Our intestinal system has become the subject of quite a major international trend. These days we are not only interested in how our guts affect our mental and physical wellbeing; we also believe they can explain processes that were previously believed to be the exclusive domain of our brains and hearts. While speculative realism in philosophy criticises the notion about the superiority of human consciousness, biology is challenging the 20th century’s most widespread form of therapy: psychology. The book Gut: The Inside Story of Our Body’s Most Underrated Organ by the German scientist Gulia Enders (b. 1990!) was an international bestseller last year, and the art world, too, has suddenly developed modes of thinking that are closely associated with the human metabolism. These new developments were brought to mind as I saw Rolf Nowotny’s new, repulsive and heavily symbolic sculptures at Tranen in Hellerup.
Five green containers stand in separate locations in the corner room at Tranen. For this exhibition, the room has been screened off by plastic, making it eerily reminiscent of a crime scene – and bringing to mind the heaps of corpses that have been stowed away in exactly this kind of container in countless crime stories. Normally, such containers are, of course, used for accumulated waste and spoiling food.
Here, the containers act as “bodies” for heads attached onto the end of a steel rod inserted in each container body. At first glance the heads look to be made out of ceramics, their “glazes” glistening with a sweat-like sheen as they run down the zombie-like, partially decomposed faces. However, closer inspection reveals that the heads are in fact made out of entirely dead industrial materials: polyurethane and epoxy. Phalluses poke out of eyes, gaping holes replace noses. An ear has slipped down onto a cheek, and elsewhere a huge plant growth emerges from a skull. The stuck-on hair heightens the macabre effect.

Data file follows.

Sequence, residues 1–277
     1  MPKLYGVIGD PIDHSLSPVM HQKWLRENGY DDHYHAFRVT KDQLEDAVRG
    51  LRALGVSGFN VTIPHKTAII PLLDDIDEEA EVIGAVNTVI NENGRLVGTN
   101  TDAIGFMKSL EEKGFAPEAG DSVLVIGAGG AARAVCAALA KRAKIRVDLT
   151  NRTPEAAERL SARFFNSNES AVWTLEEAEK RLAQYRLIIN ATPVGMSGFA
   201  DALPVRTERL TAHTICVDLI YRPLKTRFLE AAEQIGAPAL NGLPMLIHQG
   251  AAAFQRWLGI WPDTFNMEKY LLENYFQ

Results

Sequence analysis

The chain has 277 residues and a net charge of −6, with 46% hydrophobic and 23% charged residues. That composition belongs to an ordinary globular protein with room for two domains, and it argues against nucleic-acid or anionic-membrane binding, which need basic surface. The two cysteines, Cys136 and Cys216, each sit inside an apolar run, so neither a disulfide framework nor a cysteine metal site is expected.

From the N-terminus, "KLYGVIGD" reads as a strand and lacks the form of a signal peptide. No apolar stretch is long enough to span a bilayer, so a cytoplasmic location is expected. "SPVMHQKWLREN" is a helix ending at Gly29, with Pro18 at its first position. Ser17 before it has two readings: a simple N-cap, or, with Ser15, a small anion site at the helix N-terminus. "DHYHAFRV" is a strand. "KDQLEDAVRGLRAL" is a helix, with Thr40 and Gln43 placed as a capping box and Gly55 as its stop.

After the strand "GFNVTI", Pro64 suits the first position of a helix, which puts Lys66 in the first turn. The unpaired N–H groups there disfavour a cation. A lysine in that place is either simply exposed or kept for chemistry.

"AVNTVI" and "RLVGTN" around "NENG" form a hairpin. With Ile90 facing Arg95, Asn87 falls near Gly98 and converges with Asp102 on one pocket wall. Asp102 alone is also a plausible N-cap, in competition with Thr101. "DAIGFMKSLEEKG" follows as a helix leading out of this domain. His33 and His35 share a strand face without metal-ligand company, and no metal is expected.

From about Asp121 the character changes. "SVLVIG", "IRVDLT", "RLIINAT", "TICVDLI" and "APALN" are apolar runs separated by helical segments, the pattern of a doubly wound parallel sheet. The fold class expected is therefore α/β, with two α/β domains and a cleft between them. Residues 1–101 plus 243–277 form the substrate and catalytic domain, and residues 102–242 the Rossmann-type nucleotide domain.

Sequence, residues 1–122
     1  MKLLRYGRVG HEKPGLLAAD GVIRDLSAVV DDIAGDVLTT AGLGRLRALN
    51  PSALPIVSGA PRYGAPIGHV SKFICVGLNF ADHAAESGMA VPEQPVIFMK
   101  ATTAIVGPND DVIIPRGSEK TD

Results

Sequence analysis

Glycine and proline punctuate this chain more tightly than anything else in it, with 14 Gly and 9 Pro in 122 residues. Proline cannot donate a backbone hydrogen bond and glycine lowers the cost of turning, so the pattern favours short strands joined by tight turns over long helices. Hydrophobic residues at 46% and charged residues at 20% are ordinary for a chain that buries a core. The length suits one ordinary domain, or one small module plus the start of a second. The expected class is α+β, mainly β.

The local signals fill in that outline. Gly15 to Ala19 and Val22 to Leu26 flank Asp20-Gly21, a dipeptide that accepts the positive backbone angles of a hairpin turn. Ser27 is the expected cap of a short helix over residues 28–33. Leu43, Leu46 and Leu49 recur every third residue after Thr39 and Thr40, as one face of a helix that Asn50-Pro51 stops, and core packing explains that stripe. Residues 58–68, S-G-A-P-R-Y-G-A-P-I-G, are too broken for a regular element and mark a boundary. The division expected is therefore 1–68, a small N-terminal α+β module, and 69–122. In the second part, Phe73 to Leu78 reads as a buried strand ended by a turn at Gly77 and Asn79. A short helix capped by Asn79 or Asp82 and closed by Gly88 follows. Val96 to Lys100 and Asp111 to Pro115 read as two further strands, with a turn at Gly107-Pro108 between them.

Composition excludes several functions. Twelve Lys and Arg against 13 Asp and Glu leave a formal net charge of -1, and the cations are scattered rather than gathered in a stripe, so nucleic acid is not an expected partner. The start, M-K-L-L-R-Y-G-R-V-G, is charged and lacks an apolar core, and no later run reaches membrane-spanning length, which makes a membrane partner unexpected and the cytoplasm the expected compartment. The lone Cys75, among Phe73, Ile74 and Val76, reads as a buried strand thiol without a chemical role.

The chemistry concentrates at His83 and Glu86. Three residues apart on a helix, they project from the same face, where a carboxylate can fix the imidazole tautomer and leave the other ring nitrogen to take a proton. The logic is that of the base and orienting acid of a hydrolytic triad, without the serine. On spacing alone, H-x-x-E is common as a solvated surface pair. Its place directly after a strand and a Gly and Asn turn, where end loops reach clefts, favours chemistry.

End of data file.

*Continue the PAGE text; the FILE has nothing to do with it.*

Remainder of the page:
These heads are truly disturbing, reminiscent of some of Paul McCarthy’s extreme clay works where phalluses also poke out instead of noses (Untitled (Jack), 2002). But whereas McCarthy engages with the language of psychoanalysis and its heavily charged, taboo-laden repertoire of sexuality and abjection, Nowotny seems to slide into other modes of thought. In fact you could say that he launches a confrontational exchange between life-giving forces and the inevitability of death, and between two opposing philosophies: vitalism and materialism.
Many may think that these new works constitute a radical change in Rolf Nowotny’s practice and idiom. I would rather say that they signify an evolution where the body is no longer simply present as a sign in the titles of the works, but appears directly – in the (peeling) flesh. For his solo exhibition Full Frontal Nudity (2011) at Overgaden he shaped the clay into beautiful jars; here they have been replaced by waste containers – but containers they remain. The yellow colour is also a recurring Nowotny signature. For this exhibition it has been smeared onto six large canvases that were subsequently combined to form a single, vast painting, creating a luminously yellow background – a strong contrast to the crime scene atmosphere that permeates the rest of the room. A clear distinction is established between the life-giving strong light of the sun, and putrefying death.